4 pieces of some thick white fish fillet – of course, I used the Tilapia

The process of making bread crumbs tossed with minced shallot and fresh parsley

A batter

And some seasoned flour.

It calls for things like prepared horseradish, paprika, and cayenne pepper. Not a wimpy or bland recipe at all!

Okay – there are some things you should know about the kids who eat food in this house. The boys pretty much just avoid vegetables at all cost. Jessica, on the other hand – much like her parents – loves vegetables.

If a dish has any particular flare that inches outside the “resembles pizza” or “resembles tacos” genres – well, then, you can pretty much guarantee that the boys won’t happily eat it.

Yes, this can make meal preparation quite frustrating!

So… back to the recipe. I thought – “Perfect! Uses a white fish, has some kick – I’m going to make this for dinner on Thursday!”

I ended up running to the store to pick up a shallot and fresh parsley. I looked for prepared horseradish, but couldn’t find any without soy or canola or HFCS in it – so I skipped that. I figured I’d substitute Dijon mustard for it – it has horseradish in it, right? By the way, I found out later that John actually had kosher prepared horseradish in the fridge – no icky stuff in it! Sheesh! I should have looked!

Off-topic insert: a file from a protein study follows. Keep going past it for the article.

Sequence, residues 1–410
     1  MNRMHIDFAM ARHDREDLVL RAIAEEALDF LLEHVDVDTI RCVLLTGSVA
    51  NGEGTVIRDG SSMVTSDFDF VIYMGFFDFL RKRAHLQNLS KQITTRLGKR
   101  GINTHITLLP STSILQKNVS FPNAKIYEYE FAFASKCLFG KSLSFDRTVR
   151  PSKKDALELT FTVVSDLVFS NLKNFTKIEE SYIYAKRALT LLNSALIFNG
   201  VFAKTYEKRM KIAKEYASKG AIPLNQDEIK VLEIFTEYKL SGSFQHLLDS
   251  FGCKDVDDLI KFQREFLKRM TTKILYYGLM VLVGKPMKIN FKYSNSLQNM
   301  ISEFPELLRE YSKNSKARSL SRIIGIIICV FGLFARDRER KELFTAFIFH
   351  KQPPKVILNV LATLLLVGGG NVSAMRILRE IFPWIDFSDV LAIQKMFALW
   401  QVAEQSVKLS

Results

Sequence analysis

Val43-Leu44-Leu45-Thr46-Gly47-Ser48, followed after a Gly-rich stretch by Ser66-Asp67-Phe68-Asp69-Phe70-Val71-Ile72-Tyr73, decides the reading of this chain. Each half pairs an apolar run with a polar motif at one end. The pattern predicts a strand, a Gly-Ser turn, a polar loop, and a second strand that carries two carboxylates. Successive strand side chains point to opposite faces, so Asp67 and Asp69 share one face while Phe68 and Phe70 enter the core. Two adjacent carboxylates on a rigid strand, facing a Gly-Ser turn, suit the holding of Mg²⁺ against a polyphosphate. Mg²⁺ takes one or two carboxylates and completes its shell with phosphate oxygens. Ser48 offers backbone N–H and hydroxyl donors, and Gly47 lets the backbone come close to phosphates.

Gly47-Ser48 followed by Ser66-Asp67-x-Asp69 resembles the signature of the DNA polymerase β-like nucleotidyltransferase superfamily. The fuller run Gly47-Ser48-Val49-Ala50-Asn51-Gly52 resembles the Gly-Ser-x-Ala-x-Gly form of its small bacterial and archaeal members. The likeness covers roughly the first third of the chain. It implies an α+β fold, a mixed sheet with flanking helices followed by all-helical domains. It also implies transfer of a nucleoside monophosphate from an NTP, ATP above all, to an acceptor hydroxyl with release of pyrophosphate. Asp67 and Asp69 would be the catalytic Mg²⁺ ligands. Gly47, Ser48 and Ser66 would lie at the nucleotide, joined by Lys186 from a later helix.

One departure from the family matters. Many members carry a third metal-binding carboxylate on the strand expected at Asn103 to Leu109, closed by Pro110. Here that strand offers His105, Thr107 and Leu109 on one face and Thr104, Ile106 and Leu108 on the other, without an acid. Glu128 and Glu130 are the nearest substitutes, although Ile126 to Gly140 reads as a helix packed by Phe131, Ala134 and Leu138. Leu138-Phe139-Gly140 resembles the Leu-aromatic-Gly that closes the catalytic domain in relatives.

I started with the bread crumbs – much like the instructions on the recipe. Only, I thought…. “Hmmmm… shallots, huh? Gosh, the boys are going to balk at that!” I pondered the thought of finely minced shallot and knew I’d never get it fine enough to sneak it past the boys if I chopped it with a knife! So I pulled out the Cuisinart – well, I needed it anyway for the breadcrumbs, so no wasted effort there!

Being me… I thought, “I should chop the bajeebers out of the shallot and the fresh parsley FIRST, and then add the bread for the crumbs.

WRONG.

It made for pretty soggy and distinctly GREEN breadcrumbs. Uh oh. I quickly scraped them onto the baking sheet and shoved them in the 350° oven – hoping the “browning” would, indeed, bring some brown! (And yes, I did wonder what the green and brown together would end up looking like! EGAD!) Okay – so those were in the oven doing their thing, I moved on.